Giants must continue Coors success as NL wild-card race tightens originally appeared on NBC Sports Bay Area
SAN FRANCISCO — With the bases loaded and one out in the bottom of the fourth inning at Coors Field on Tuesday night, Colorado Rockies outfielder Kris Bryant checked his swing on a cutter down in the zone. He wasn’t able to prevent contact, and he stood and watched for a beat as the ball left his bat at just 56 mph.
The bloop ended up landing softly on the edge of the grass in right field, scoring two runs and tying the game. After a grounder and a hard single that shot through the hard infield in Denver, the Rockies had a four-run inning against the Chicago Cubs, who ended up losing on a night when they could have made up ground on the teams surrounding them in the Wild Card race, including the Giants.
There isn’t a tougher place to play than Coors Field, where the Rockies just took two of three from the Cubs. Even when the Rockies are bad — as they are this year — they generally play more like a league-average team at their homer-happy home ballpark.
The Rockies won just 74 games in 2021, but they went 48-33 at home that season. Last year they won just 68 total games, but finished a game above .500 at home. They’re 31-39 at home this year but just 22-53 on the road.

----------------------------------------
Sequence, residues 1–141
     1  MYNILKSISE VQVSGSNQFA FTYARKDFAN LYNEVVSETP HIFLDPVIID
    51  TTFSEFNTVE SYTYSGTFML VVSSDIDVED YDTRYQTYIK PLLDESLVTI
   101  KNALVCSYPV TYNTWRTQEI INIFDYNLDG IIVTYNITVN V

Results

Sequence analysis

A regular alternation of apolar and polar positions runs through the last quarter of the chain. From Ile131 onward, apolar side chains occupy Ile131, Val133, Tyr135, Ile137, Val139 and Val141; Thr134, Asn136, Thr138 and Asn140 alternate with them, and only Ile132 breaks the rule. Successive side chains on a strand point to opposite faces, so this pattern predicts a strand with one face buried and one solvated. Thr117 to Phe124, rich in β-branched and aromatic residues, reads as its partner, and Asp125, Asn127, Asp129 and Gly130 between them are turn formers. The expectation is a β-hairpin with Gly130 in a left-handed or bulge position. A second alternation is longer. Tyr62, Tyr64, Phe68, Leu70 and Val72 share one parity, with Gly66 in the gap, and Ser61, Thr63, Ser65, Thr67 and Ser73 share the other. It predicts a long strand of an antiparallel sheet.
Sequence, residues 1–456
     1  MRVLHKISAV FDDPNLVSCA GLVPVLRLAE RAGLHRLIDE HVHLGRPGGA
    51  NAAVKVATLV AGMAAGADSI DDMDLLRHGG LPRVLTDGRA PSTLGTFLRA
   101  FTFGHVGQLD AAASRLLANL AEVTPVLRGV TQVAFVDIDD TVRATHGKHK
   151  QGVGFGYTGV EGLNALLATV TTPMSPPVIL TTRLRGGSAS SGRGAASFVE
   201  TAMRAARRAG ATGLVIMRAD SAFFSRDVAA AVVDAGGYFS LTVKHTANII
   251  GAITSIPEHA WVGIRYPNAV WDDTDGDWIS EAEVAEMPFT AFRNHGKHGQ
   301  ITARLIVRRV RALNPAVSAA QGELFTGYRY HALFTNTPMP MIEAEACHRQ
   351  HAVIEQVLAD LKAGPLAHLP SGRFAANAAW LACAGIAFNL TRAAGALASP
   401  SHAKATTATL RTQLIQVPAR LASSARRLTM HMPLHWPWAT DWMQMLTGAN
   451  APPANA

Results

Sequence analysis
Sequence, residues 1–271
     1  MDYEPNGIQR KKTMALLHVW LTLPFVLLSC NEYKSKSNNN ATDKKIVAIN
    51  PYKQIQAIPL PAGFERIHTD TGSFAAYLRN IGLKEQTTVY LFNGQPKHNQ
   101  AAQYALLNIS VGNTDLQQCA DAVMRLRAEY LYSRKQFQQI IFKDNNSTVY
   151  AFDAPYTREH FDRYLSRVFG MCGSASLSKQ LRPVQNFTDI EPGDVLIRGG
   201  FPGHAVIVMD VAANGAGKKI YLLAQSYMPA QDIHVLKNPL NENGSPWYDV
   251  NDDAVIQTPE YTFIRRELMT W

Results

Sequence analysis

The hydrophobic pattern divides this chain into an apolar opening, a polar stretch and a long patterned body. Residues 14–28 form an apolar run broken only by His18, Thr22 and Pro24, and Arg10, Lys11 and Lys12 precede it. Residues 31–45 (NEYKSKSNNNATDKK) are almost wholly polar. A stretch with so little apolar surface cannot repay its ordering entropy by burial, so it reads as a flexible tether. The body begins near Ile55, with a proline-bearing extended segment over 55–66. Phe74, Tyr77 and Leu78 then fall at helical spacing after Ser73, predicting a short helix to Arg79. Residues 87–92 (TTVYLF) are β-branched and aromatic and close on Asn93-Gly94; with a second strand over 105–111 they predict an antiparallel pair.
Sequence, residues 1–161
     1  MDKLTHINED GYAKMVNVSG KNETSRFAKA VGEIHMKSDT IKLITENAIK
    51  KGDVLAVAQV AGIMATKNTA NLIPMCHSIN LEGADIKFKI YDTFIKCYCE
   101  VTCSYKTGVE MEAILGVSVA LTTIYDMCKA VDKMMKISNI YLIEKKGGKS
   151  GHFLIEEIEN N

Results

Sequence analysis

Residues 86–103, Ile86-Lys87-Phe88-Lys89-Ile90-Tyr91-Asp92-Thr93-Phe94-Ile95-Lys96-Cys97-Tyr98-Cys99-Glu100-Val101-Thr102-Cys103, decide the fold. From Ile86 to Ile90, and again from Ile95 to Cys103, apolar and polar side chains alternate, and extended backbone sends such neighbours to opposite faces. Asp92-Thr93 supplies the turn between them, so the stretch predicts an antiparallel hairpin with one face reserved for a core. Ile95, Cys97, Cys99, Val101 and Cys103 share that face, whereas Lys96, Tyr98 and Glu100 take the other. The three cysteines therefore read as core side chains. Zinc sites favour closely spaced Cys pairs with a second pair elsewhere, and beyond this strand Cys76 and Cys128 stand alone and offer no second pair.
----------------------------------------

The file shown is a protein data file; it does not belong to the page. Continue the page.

The Giants have never looked forward to these trips, not just because the Rockies play much better at home, but because the offensive environment tends to leave the pitching staff gassed and the thin air leads to hitters getting dehydrated and being at greater risk for injury. But over the past three seasons, Coors has been very favorable to a group that needs another huge weekend.
The Giants are 17-5 in Denver since the start of the 2021 season, including a three-game sweep this June. Last year they were seven games under .500 on the road overall but went 7-3 at Coors.
Dating back to last Aug. 21, the Giants have won eight straight there, tying their best streak at a ballpark that opened in 1995. The previous eight-game winning streak covered games in 2021 and the start of 2022.
This particular group of players and coaches has made it look easy. But they insist it’s definitely not.
“I know we have had success in Colorado. I still think it’s a really tough place to go play,” manager Gabe Kapler said. “The ball bounces or you don’t make a play and you give somebody an additional out and they can really punish you for it, and they have guys who are pretty good at hitting in that ballpark.”
Giants players and coaches point to a variety of reasons for their recent success in Denver. Every hitter is more comfortable there, but some believe they gain an extra edge given how difficult Oracle Park is. Perhaps some pressure is lifted knowing that it’s going to be an offensive game and one missed opportunity with a runner in scoring position won’t cost you. Others point to the fact that Coors elevates every hitter, which is helpful to a lineup built on the sum of its parts, not around one or two stars. There’s a domino effect, and that helps positivity flow through the dugout.